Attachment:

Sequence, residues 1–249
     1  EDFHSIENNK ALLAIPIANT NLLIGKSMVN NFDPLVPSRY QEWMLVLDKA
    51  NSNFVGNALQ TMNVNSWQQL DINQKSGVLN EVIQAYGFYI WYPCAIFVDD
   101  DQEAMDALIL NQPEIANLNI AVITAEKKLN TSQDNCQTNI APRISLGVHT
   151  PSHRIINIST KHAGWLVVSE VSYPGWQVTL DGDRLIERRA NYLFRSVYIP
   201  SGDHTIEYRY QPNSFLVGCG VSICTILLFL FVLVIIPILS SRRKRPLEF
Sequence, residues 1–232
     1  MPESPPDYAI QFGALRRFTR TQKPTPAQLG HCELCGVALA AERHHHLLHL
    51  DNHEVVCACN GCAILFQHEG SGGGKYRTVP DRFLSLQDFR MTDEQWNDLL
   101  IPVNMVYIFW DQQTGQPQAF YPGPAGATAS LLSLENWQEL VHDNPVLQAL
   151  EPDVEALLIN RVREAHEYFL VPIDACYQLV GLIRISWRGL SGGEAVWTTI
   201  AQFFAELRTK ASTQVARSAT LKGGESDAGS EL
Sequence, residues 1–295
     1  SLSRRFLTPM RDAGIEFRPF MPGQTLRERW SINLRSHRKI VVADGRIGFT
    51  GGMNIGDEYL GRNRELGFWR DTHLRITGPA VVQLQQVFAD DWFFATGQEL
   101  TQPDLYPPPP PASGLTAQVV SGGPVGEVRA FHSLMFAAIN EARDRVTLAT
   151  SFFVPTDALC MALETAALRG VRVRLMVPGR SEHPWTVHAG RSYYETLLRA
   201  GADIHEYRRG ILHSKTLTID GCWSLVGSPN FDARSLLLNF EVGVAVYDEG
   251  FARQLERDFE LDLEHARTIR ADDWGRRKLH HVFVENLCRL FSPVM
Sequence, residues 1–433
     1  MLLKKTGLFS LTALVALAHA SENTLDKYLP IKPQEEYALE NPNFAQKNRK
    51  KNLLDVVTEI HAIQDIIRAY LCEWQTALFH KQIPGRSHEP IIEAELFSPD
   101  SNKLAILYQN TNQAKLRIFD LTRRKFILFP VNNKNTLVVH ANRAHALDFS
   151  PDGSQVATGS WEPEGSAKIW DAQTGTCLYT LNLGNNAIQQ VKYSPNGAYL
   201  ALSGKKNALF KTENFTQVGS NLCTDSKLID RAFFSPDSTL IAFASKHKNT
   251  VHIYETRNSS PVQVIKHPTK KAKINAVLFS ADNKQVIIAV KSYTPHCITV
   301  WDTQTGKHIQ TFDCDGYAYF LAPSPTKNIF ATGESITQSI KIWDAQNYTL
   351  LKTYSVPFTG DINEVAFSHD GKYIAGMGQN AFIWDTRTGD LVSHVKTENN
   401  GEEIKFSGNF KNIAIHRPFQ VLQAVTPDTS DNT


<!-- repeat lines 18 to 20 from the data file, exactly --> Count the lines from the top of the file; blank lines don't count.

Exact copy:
   201  GADIHEYRRG ILHSKTLTID GCWSLVGSPN FDARSLLLNF EVGVAVYDEG
   251  FARQLERDFE LDLEHARTIR ADDWGRRKLH HVFVENLCRL FSPVM
Sequence, residues 1–433